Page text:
I don’t give advice. Never. And I never will.
Now that we’ve established that without a trace of a doubt, here’s a piece of advice:
Question everything. Question authority. Question your president, senators, congresspeople, governor, mayor, anyone who makes decisions that affect where you live.
Question your parents. Question your children. Question your pets.
Question your butcher, your baker, your candlestick maker. Question yourself about why you have a personal candlestick maker.
And, oh yes, question the media.
Of course, I don’t give advice and never will, so don’t question me. Well, maybe just this once. Because my No. 7 on the list of Iowa’s most-interesting football games in 2019 is …
Penn State, Oct. 12 at Kinnick Stadium
How can this be? For one thing, it’s Penn State. How many opponents that come into Kinnick Stadium are considered national programs? This year, there is one. It is Penn State.
For another thing, the Iowa-Penn State games of the last two years have been captivating. Two years ago in Kinnick, the Nittany Lions needed a last-second, 7-yard touchdown pass for a 21-19 win despite outgaining the Hawkeyes by 579 yards to 273. Had Iowa held on, it would have been one of the great rope-a-dope wins of all-time. Not Muhammad Ali over George Foreman great, but you get the idea.
Never have I attended an individual football performance better than Saquon Barkley’s that night with his 211 yards rushing and 94 receiving. That he averaged just 17.7 yards on three kickoff returns was a triumph for Iowa’s special teams.
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Last year, Iowa fell 30-24 at Penn State in a rock-em, sock-em affair. It wasn’t an artistic game, but football sometimes is artful and other times is just raw survival, and the latter can be fascinating, too. Hawkeye quarterback Nate Stanley was picked off at the Penn State 2-yard line with 3:18 left, and the Lions got another defensive stop at the end of the game.
So why wouldn’t I just take it on faith that this year’s Penn State-Iowa game would be one of the most interesting on the Hawkeyes’ schedule? That’s where you have to do the questioning, not that I have a reasonable answer.
Iowa probably needs to win this game. It comes the week after the Hawkeyes play at Michigan. If they lose in Ann Arbor, they can’t come home and fall to Penn State and expect to be the West Division champion. It could still happen, but that would put Iowa at 1-2 in the West (assuming it beats Rutgers at home in September, which it will) with road games still left against Northwestern, Wisconsin and Nebraska.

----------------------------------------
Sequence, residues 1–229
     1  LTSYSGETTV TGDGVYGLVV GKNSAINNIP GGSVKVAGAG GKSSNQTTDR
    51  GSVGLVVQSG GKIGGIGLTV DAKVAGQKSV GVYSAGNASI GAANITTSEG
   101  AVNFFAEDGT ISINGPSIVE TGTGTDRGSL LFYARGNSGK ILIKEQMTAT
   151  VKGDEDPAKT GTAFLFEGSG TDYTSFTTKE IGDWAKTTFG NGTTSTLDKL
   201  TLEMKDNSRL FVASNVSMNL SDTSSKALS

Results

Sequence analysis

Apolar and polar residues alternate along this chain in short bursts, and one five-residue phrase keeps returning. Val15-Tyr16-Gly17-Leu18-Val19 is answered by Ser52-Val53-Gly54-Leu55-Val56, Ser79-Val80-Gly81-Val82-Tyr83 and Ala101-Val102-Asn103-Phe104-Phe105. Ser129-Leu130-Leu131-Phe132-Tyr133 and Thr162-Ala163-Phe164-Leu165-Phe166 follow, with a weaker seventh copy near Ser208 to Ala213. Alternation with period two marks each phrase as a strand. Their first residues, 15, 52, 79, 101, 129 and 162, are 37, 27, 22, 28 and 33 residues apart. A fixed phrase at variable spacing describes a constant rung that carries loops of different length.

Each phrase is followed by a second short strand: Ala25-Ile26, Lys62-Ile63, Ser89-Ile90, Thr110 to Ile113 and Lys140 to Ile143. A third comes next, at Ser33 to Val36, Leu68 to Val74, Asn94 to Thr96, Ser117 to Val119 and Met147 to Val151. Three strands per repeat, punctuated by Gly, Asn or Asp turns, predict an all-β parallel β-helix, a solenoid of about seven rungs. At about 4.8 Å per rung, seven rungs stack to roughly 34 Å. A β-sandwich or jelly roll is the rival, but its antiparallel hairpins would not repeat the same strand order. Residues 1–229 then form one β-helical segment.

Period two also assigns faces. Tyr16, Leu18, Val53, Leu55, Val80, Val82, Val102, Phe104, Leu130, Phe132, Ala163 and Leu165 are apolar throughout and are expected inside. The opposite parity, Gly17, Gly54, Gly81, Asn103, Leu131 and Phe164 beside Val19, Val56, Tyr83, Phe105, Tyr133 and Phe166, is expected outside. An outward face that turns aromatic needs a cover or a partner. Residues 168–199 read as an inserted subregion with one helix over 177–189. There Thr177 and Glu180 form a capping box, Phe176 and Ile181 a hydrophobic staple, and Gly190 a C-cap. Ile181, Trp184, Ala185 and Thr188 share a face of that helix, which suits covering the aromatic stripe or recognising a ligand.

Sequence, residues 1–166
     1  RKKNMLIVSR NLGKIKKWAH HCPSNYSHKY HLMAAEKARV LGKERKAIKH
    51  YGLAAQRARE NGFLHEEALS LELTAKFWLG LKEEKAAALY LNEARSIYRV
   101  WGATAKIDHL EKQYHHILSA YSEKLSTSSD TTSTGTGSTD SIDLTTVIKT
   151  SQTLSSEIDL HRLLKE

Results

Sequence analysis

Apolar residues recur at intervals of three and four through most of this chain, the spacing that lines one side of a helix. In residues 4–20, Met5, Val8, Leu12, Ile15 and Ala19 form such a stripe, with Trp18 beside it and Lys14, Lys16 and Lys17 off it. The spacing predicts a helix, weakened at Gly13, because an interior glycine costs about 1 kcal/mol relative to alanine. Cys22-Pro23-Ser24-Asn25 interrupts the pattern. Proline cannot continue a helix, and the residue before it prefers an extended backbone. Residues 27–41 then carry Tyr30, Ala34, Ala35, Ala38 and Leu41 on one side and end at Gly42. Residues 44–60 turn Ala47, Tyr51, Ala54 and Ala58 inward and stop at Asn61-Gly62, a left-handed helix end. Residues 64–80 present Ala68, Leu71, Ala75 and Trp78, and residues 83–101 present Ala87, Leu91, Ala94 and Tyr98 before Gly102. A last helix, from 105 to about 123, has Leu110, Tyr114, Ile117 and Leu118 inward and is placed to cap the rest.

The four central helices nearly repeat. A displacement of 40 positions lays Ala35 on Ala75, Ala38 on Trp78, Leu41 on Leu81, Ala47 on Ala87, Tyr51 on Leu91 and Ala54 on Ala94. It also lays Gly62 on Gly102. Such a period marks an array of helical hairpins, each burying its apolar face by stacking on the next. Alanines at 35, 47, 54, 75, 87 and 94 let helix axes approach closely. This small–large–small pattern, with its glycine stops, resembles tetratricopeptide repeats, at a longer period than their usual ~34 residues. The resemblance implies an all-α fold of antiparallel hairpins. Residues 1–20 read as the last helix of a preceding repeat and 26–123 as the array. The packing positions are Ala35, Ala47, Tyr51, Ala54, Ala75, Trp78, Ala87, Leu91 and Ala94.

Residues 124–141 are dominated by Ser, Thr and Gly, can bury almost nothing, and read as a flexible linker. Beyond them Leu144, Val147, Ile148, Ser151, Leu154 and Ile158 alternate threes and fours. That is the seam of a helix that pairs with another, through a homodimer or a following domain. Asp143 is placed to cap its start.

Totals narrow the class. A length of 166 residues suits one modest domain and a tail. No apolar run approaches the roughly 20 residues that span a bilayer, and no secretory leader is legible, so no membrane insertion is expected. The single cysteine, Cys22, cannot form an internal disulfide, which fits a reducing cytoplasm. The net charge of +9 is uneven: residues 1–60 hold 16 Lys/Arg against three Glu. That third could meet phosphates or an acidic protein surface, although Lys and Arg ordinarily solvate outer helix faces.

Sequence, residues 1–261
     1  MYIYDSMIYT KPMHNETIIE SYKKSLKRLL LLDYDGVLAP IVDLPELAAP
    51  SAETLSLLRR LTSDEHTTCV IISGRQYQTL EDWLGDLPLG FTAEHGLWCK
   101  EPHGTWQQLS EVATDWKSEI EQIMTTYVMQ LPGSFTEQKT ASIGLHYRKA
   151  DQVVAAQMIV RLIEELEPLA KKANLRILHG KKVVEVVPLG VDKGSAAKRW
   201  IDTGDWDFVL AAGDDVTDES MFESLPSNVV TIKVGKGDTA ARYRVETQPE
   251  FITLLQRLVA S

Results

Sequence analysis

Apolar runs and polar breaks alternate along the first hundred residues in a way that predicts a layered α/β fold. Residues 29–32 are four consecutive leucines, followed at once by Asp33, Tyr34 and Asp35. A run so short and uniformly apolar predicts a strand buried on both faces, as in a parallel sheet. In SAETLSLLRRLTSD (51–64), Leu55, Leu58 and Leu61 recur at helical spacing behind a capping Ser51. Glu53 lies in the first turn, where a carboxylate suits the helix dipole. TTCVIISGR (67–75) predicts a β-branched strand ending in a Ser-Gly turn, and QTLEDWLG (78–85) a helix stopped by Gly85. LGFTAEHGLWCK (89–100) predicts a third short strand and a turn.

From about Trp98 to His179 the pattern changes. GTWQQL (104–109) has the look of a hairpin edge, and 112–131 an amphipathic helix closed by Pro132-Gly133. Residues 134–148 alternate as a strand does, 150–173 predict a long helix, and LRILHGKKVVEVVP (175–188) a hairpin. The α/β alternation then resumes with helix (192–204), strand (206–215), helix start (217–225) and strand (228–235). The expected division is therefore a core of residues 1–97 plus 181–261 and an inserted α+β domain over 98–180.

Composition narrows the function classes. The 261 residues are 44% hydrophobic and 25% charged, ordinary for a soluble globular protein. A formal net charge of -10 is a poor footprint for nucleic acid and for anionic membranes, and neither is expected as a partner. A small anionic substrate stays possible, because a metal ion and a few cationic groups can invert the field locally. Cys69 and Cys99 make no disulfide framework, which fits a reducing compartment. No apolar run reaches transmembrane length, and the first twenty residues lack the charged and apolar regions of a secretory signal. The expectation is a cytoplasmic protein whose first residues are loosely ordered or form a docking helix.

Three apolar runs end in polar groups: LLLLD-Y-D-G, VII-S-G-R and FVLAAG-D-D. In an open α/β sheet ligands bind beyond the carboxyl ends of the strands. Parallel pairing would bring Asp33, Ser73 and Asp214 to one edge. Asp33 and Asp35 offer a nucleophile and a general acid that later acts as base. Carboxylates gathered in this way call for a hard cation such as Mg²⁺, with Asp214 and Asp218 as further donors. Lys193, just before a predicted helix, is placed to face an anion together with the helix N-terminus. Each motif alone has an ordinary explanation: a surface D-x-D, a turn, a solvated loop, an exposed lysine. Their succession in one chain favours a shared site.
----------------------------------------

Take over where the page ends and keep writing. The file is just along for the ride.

All of those are still to be ranked in my top six of Iowa’s most-interesting games, by the way. That’s why I don’t have Penn State in the top six. The games with division foes count double. You win and they lose, or vice versa. Northwestern’s win at Iowa last year may have counted triple for the Wildcats, though I can’t find math to support that.
Now, if either Barkley or quarterback Trace McSorley were still with Penn State, I’d have this game ranked near the top of the interesting list. The non-Iowa player I’m most looking forward to see this season is … I don’t know.
Wisconsin running back Jonathan Taylor? Michigan quarterback Shea Patterson? Northwestern linebacker Paddy Fisher?
It might be Iowa State quarterback Brock Purdy. We’ll see.
That’s the thing about lists like that, or lists like mine picking Iowa’s most-interesting games. They’re nonsense. They’re good for discussions of little importance, and that’s all. Every year — every single year — things happen and players emerge that no one saw coming, and few of us ever stand up and say “My preseason lists/predictions/rankings were totally bogus!”
I’ll say it now. Calling Penn State the seventh-most interesting game on Iowa’s schedule is totally bogus! But there are six games I like better. Right now, anyway.
Do people still say “bogus,” by the way?